No, I said, that IS the story and it's what I love about the Harry Potter series: it never loses track of the characters. It never forgets that, when viewed as a whole, these eight movies are a story of growing up, of the transition from childhood to adulthood. Of love and friendship and death. Because without those little funny and touching moments between the characters - if all you want is for the movies to rush from one plot element to another - then all you're left with is plot... and no story. Remember: plot is what happens TO the characters; story is what happens AS A RESULT of the characters.

That's the real gorgeous beauty of these movies, and it's what will bring viewers back repeatedly to their DVD shelves. As Frodo said to Sam in `The Lord of the Rings: The Two Towers': "What are we fighting for Sam?" "That's there's still some good in this world," Sam replies, "and that it's worth fighting for."

That's why you need those little indulgent moments, because without them it's just razzle-dazzle special effects and set-pieces. Harry and Ginny's first kiss: they're in the Room of Requirement and Ginny tells Harry to close his eyes while she hides Professor Snape's copy of Advanced Potion Making.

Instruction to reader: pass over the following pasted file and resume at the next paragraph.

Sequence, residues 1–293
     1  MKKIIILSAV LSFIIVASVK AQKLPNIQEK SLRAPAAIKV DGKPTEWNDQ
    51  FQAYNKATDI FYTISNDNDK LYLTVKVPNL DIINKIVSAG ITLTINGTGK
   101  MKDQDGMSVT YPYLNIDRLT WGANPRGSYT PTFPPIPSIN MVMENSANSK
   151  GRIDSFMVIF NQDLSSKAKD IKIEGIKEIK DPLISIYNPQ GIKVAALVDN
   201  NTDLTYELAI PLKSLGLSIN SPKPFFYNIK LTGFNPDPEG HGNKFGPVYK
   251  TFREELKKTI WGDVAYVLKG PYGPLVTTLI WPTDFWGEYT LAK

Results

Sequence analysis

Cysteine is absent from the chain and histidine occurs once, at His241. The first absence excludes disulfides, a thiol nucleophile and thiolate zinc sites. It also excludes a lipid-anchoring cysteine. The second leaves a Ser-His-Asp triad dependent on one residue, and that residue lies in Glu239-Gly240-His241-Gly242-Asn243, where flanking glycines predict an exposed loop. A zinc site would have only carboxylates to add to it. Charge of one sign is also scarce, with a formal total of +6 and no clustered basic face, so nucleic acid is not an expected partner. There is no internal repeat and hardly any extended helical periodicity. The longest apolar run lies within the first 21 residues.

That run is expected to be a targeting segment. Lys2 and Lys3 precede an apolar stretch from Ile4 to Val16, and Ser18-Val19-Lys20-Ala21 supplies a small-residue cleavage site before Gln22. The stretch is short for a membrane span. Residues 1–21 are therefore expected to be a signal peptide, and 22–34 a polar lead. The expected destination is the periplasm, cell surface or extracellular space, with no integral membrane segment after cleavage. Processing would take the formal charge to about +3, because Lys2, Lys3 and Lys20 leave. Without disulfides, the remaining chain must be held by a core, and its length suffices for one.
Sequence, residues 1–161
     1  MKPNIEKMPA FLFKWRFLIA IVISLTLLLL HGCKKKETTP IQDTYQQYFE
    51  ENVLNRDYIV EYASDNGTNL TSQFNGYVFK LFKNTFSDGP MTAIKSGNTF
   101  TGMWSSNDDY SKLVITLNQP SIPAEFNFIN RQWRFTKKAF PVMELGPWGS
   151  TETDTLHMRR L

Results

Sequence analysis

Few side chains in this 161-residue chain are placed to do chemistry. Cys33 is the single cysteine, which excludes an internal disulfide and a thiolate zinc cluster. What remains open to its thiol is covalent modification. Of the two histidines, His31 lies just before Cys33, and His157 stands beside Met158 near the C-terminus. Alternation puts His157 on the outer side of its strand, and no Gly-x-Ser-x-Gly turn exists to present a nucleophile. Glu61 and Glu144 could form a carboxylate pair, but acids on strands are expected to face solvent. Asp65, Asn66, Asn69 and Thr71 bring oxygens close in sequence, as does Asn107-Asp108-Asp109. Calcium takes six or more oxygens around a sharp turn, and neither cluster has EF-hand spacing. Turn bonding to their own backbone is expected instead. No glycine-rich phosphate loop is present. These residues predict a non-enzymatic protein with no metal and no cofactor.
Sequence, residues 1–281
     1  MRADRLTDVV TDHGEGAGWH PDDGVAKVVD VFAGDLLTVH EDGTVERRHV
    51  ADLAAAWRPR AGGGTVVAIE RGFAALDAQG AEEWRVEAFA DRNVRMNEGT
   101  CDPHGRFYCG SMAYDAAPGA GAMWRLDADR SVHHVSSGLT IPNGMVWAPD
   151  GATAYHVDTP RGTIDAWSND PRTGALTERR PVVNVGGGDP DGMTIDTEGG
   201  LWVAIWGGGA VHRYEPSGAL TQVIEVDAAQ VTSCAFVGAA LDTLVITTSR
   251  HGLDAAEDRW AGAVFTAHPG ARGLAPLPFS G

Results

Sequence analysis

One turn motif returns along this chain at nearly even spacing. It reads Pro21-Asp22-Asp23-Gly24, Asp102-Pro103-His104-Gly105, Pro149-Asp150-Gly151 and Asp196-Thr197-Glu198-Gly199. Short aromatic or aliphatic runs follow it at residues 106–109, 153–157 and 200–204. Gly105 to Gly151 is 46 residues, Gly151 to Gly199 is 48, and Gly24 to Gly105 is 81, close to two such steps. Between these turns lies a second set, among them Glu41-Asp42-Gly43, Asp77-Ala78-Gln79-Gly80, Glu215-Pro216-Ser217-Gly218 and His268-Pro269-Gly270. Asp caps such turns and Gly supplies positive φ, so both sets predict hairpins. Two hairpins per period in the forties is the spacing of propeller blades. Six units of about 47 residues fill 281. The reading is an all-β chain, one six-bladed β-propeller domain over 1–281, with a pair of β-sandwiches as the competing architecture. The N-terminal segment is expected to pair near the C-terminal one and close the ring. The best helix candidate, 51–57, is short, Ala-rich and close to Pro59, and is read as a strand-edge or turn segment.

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1 of 1 people found the following review helpful By The Movie Guy TOP 500 REVIEWER on 10 Sep 2013
Format: DVD
Perhaps this is the best place to review the series as well as the last installment. We have seen Daniel Radcliffe mature from a fairy bad actor to one that is fairly convincing, particularly in his standing up to Aberforth Dumbledore. Emma Watson has gone from awkward kid who wore her emotions on her sleeve to Maxim's top 100 Hottest women. The passing of Richard Harris was a major let down to the series as Michael Gambon couldn't really fill his shoes. The most interesting and complex character was that of Snape. Alan Rickman made the series with his portrayal. The casting of the quirky minor characters made the story most enjoyable, all the way down to Mrs. Fink. Rowling's use of classical mythology, astronomy and the occult made the series an incredible educational experience. One of my favorite characters was the under used Luna Lovegood. She was a breath of fresh air.